I would ask all these movie critics who think the film isn’t good at all, what did you honestly expect from a Kendrick film? Did you expect it to not be a message directed to the body of Christ?  Really?  Seriously?

And for those who would say, “but the movie isn’t what Christians need to produce!  Christians films need to reach the unsaved!  They need to reach the masses! They need to be better than this!”  Okay. Your opinion.  And you’re entitled to that opinion.  So, if that’s your opinion, then go make that movie that reaches the masses.  Go create that stellar film that reaches the unsaved, that doesn’t preach but gets the message across that Jesus came to die for our sins and reunite us with the Father God Almighty who created us all.  Have at it!  We will all cheer you on.  And I mean this with all sincerity. If you think that all Christian films stink, and they’re an embarrassment to you, then write the script that trumps them all.

But, you can’t call it a Christian film with a life-saving message, if the message is hidden underneath other messages, and has to be riddled out of the setting and the characters and their back story and the rising action or falling action or crisis or resolution.  No, make the message plain, so all can see it.  Isn’t that what Habakkuk said?  “Write the vision. And make it plain on tablets, That he may run who reads it.”

I am reminded of Peter and Paul in the New Testament, and their missionary journeys.  Peter and Paul didn’t go to all the same cities to preach the gospel, and I’m pretty sure they didn’t have the same approach to the people they talked to, nor did they use the same speaking style.  So was one of them wrong, and the other right? Or did they just do things differently?  Did they have a different focus, even though they had the same purpose, i.e., to spread the gospel?

Perhaps we have different styles of “Christian” movies being produced, or that should be produced, and they have (or should have) different focuses, even though their purpose is the same. (Some might argue that they would have different purposes, but that’s another level of this discussion that I don’t want to venture into at this point.)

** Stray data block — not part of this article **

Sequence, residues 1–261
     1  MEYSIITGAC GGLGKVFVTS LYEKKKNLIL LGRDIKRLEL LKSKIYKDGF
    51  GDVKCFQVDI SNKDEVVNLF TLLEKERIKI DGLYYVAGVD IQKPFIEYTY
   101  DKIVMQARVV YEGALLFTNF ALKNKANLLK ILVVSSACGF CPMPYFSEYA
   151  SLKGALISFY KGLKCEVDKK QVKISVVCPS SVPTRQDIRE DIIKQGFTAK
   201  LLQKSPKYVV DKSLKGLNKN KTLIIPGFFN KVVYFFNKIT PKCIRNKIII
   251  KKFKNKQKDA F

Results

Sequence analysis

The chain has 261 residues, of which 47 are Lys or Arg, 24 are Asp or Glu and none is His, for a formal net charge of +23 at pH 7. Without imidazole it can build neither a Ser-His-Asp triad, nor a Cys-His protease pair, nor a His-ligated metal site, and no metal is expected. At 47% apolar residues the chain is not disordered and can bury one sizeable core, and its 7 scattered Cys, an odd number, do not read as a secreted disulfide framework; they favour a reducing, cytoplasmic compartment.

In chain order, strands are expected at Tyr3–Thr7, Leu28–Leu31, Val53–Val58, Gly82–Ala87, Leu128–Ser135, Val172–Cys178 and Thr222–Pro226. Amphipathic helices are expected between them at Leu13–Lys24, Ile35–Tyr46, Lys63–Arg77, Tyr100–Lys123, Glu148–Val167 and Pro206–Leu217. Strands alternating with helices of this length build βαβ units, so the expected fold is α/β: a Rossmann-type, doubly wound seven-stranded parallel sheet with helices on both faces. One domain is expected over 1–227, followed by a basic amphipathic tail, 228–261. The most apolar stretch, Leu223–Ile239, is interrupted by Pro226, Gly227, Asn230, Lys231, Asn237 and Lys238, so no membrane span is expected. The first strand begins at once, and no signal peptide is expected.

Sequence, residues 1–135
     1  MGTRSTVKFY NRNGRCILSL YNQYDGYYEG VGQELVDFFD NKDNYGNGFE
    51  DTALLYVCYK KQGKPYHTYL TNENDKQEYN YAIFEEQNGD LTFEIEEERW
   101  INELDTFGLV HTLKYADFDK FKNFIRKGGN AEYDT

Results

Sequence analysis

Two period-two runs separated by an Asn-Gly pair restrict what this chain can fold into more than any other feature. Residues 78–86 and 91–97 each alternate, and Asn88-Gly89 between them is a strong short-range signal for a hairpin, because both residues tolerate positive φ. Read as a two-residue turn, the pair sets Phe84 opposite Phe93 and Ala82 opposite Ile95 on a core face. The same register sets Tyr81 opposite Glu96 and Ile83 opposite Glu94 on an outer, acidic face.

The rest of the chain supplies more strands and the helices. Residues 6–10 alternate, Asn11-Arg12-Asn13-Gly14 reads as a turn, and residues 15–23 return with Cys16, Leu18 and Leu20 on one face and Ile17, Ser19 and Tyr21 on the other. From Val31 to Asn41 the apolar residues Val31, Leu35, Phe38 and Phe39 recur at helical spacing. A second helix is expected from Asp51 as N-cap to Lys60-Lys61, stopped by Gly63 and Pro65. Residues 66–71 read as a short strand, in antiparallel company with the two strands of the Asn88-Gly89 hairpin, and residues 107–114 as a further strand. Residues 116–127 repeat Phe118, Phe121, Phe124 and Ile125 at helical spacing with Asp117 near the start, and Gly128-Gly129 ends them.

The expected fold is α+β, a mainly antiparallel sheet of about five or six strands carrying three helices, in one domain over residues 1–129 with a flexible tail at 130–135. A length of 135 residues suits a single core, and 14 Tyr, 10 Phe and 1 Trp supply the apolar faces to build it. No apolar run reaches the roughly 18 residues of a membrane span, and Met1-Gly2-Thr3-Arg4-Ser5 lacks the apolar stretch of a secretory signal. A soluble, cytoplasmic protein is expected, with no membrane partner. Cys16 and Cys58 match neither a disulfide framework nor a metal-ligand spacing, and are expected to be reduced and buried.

What do you all think?  I would love to hear your comments. So post your thoughts in the comment section.  But please be kind. Let’s not have another battle over War Room!

Posted by: Michelle Knoll | September 11, 2015

Saying Goodbye to a Good Guy

I like the good guys in stories.  Always root for the good guys.  Always get upset when someone does something mean to one of the good guys.

We lost a good guy ten days ago.  Dean Jones.  He was the driver that couldn’t stand the little VW bug known as Herbie, remember? (For those of you too young to remember the original Herbie The Love Bug movie, you should check it out.) Dean played the part of Jim Douglas, a washed-up race car driver who desperately needed, and wanted, a second chance.  And he got that second chance because of a cute little VW bug. However, he decided at one point he didn’t need the little car any more, so he went out and got a new car, which upset Herbie badly. I won’t spoil the movie for those who haven’t seen it, but Jim and Herbie develop a deeper friendship after certain events take place.

That was a great movie, but another movie Dean Jones acted in happens to be a larger favorite of mine.  The original That Darn Cat, with Haley Mills. Hilarious fun!

From what I can tell, everyone who worked with Dean Jones liked him and the comments that have come out since his death show that many respected him and thought of him as a great person.  He was a “good guy.”

So if you haven’t seen any of his movies, please take the time to check them out.

But if you really want to see his best work, please watch “St. John in exile.” You can watch a video of it here.

Farewell, Dean Jones.  You will be missed.